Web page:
The Effect of Resilience, Level of Ego Development, and Internal Parental Representations on the Relationship between Potentially Traumatic Events and Symptomology
Following a potentially traumatic event (i.e., an event, either witnessed or experienced, that may or may not lead to a traumatic reaction), an individual may or may not experience the clinical symptomatology commonly associated with traumatic experiences. These include somatic complaints, anxiety, anxiety related disorders, depression, schizophrenia, borderline features, alcohol problems, drug problems, suicidal ideation, non-support, and paranoia. Many factors come into play to determine who emerges from a potentially traumatic event unscathed and who develops clinical symptomatology. ^ The current study examined level of ego development, type of internalized parent representations, and level of resilience which may have an impact on whether adults experience symptoms following a potentially traumatic event. The hypotheses were as follows: 1) the level of symptomatology reported by individuals who experienced a potentially traumatic event would relate to their level of ego development, 2) positive parental representations would correlate with lower levels of symptomatology for those who had a potentially traumatic event and inversely negative parental representations would correlate with higher levels of symptomatology, and 3) as resilience increased, symptomatology would decrease for those who have experienced or witnessed a trauma. In addition, three exploratory questions were explored to examine the relationship between: 1) internal parental representations and resilience, 2) level of ego development and resilience, and 3) internal parental representations and level of ego development. ^ Correlations, analyses of variance, and multiple regression analyses were performed to examine the relationship between potentially traumatic events, parental representations, ego development, resilience, and symptomology. Results found no correlation between levels of ego development and symptomology, resilience, or internal parental representations for those who witnessed or experienced a potentially traumatic event. ^ Strong relationships were found between facilitating individuation and intrusive/possessive parental figures and symptomology. Parents who were perceived by their adult children as facilitating individuation were likely to have decreased symptomology. When parents were perceived as intrusive and possessive, their adult children were likely to have increased levels of symptomology. Mixed support existed between symptomology and parents who were perceived as self-objects, protected/repaired, and narcissistic/hostile. Adult children of parents perceived as weak and dependent were minimally likely to show decreased symptomology. Strong support was found for hypothesis three which demonstrated support for previous literature finding increased levels of resilience were associated with decreased symptomology. ^ Lastly minimal support was found to suggest relationship between parental representations and resilience. Fathers perceived as self-objects who facilitated individuation had adult children with increased overall resilience and acceptance of self and life. Mothers perceived as needing repair and protection were associated with decreased overall resilience and acceptance of self and life. ^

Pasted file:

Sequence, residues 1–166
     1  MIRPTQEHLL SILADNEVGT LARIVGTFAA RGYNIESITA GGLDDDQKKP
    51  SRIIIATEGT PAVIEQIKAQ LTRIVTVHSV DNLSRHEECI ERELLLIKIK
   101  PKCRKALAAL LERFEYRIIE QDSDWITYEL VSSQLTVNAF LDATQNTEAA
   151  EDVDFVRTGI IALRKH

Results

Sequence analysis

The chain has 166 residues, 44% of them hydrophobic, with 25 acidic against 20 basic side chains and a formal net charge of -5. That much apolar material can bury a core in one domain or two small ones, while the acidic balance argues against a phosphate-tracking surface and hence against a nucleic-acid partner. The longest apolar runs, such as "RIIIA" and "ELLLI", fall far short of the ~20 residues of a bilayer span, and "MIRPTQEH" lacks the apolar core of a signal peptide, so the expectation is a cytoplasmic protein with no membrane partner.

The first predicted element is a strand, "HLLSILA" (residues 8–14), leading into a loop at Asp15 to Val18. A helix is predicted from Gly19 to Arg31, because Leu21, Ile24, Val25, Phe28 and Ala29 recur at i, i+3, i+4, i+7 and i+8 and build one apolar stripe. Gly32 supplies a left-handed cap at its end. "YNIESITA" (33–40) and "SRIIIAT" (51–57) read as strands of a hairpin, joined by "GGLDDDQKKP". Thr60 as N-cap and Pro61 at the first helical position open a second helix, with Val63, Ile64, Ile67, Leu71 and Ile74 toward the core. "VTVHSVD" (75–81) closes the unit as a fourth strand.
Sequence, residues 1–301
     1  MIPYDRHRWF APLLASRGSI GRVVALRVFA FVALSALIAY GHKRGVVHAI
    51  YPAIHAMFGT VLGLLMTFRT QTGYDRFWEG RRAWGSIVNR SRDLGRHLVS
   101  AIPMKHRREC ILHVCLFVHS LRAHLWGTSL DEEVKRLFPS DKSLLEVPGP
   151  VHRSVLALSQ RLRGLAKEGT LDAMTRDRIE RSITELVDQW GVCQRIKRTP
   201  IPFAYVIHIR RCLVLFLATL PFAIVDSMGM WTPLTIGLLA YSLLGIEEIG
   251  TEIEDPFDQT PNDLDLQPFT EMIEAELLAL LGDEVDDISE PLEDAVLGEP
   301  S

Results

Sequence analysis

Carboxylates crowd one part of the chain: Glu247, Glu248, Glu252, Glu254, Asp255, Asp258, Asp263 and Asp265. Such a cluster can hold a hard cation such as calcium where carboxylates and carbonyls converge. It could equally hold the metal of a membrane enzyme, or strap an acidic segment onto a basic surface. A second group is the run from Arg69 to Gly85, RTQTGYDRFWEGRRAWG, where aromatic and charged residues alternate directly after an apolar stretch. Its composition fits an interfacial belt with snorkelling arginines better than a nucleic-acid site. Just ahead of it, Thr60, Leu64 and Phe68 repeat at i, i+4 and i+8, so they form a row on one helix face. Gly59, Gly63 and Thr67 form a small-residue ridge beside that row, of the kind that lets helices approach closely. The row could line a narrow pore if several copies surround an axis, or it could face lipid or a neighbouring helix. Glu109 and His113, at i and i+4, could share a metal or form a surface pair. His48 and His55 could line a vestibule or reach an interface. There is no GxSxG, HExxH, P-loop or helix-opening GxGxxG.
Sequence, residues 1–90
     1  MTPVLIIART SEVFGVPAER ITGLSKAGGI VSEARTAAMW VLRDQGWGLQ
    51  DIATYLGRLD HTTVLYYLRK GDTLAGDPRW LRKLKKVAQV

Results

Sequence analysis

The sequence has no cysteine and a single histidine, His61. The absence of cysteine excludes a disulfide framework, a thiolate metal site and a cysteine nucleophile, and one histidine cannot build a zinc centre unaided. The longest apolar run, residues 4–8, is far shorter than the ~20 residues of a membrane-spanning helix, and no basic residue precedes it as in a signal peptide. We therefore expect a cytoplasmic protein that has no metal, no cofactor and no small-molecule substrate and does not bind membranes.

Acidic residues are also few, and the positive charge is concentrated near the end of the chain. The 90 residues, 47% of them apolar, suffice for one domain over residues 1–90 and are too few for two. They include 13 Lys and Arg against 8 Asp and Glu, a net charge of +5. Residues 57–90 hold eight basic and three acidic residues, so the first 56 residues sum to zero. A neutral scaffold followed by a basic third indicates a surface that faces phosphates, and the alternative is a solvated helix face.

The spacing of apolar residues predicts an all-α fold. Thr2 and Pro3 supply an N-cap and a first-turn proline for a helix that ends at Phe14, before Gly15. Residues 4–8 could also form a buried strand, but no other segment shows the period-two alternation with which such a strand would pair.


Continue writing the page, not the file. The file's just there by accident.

Mahoney, Meredith, "The Effect of Resilience, Level of Ego Development, and Internal Parental Representations on the Relationship between Potentially Traumatic Events and Symptomology" (2013). ETD Collection for Pace University. AAI3570709.
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